How OSHA’s silica rule will impact aggregate operations

By |  August 15, 2017

Enforcement of the Occupational Safety & Health Administration’s (OSHA) final rule to protect workers in construction from exposure to respirable crystalline silica goes into effect Sept. 23.

The rule was slated to come online earlier in the summer, but OSHA delayed its enforcement to conduct additional outreach and provide educational materials and guidance for employers.

Still, despite the delay, a number of aggregate producers have lingering questions about the rule’s enforcement, its applicability to their operations and how they can be in compliance with the new rule.

Operations that fall under the regulatory purview of the Mine Safety & Health Administration (MSHA) are not yet obligated to meet the standard, as MSHA has reportedly tabled implementation of its own rule on silica for the moment. Still, silica remains on the MSHA regulatory agenda, and as one attorney focused on occupational and mine safety and health recently revealed at an industry meeting, MSHA’s rule will likely parallel OSHA’s when developed.

In the meantime, compliance with OSHA’s rule in the construction realm means providing a work environment that reduces the permissible exposure limit (PEL) of crystalline silica to 50 micrograms per cubic meter (µg/m3) averaged over an eight-hour shift, with an action level of 25 µg/m3. A number of industries have argued over the last year and a half that the previous limit (100 µg/m3) was protective when reliably enforced and complied with, adding that silica-related disease has dropped dramatically over the course of four decades since a PEL was put in place.

Plus, it’s not like producers and the vendors who support them haven’t been proactive in this area. A number of manufacturers have been building dust suppression systems into equipment as standard, and the use of personal protection gear among workers is undoubtedly up.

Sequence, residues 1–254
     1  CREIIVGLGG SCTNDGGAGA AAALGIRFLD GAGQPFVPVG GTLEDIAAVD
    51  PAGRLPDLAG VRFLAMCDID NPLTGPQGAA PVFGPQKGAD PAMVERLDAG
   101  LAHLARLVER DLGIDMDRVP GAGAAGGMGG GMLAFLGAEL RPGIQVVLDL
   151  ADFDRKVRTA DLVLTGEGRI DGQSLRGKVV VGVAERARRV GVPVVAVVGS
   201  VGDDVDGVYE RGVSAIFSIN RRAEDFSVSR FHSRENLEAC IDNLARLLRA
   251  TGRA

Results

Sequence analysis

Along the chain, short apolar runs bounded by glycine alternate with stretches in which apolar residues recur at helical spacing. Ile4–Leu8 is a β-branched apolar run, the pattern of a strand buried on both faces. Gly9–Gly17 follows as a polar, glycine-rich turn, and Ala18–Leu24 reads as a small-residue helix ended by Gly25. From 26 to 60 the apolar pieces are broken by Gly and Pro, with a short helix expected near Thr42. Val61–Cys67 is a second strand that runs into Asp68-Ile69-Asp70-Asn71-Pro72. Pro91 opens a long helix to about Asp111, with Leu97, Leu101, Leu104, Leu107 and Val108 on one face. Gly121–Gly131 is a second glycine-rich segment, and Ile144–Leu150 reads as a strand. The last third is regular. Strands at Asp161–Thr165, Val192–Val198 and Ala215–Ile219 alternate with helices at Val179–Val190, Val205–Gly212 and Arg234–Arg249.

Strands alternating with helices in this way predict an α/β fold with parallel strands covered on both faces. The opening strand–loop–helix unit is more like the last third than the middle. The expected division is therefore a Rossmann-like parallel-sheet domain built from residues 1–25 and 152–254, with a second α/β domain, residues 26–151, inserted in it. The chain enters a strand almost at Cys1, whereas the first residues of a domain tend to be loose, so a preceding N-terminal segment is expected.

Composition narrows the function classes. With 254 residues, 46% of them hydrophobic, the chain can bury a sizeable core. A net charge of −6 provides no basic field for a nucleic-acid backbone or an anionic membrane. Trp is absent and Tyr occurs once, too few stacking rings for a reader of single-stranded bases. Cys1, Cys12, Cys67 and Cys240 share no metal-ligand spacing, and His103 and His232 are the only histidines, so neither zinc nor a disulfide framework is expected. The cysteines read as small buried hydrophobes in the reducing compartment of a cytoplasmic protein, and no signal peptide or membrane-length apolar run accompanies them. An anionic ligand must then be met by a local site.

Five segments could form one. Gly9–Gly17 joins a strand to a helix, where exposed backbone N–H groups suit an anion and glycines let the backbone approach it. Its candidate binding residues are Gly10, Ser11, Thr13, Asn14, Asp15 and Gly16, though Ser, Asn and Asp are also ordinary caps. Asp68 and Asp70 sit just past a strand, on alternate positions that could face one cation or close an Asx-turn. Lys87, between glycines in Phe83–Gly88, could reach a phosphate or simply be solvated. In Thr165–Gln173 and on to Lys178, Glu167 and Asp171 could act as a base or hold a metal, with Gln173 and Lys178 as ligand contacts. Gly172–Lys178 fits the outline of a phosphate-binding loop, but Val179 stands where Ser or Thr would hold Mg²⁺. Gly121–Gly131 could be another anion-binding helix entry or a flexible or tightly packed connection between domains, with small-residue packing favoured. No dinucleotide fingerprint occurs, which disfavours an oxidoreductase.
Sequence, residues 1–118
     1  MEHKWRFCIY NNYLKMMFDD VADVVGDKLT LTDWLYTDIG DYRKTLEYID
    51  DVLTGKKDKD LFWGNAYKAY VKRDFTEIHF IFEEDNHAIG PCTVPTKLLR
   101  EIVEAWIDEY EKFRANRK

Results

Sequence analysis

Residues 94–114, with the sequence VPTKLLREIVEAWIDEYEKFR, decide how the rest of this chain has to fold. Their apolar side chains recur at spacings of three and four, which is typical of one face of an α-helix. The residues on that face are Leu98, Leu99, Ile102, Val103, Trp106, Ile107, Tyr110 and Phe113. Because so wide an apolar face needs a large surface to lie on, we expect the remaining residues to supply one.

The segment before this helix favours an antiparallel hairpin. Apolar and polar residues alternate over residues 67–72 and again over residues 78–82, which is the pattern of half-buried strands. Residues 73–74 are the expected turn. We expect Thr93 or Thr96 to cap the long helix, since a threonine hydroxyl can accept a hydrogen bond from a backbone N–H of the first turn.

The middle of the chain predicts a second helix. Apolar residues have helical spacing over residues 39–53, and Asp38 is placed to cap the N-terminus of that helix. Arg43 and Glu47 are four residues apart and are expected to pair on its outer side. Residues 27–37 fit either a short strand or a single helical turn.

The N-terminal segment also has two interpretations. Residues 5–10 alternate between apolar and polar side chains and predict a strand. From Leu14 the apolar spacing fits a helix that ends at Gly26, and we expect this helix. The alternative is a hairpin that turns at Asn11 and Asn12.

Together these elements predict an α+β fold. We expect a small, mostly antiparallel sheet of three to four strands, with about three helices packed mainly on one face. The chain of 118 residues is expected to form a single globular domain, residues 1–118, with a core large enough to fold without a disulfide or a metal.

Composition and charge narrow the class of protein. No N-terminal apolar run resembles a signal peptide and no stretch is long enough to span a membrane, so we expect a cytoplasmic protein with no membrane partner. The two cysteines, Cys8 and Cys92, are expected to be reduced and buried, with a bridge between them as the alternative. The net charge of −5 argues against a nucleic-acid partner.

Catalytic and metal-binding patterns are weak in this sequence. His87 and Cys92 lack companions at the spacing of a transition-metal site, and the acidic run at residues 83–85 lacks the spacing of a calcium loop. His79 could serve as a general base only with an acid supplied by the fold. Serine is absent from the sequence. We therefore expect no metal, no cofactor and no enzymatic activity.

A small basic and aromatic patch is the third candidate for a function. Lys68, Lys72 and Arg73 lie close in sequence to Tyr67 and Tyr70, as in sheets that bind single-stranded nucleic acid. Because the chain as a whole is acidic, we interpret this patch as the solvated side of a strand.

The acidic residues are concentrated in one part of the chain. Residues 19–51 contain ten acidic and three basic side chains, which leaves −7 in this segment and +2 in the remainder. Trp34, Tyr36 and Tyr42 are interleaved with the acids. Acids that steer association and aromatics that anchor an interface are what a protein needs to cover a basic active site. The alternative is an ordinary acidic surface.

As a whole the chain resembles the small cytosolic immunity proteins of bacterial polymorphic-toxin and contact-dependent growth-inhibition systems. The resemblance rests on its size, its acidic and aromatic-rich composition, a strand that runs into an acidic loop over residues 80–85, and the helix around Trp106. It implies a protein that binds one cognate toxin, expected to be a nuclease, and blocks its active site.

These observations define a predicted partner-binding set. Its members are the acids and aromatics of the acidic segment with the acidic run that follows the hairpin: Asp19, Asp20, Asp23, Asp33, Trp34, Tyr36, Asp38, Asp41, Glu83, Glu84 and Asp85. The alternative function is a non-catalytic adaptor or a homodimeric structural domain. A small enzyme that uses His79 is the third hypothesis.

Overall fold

But non-compliance with OSHA’s new standard comes with a price. The maximum fine for those who receive a serious citation is nearly double the previous amount. To avoid violations, employers in construction are required to use engineering controls such as water or ventilation; provide respirators when engineering controls aren’t sufficient; limit work access to high-exposure areas; develop a written exposure control plan; offer medical exams to highly exposed workers – and more.

So what should aggregate operations do as they await an MSHA rule that’s surely coming down the pipeline? The wise thing to do would be to engage in conversations with partners who can provide silica controls to your equipment. Also, familiarize yourself with OSHA’s expectations regarding silica so you’re prepared to be in compliance once MSHA develops its own rule.

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About the Author:

Kevin Yanik is editor-in-chief of Pit & Quarry. He can be reached at 216-706-3724 or

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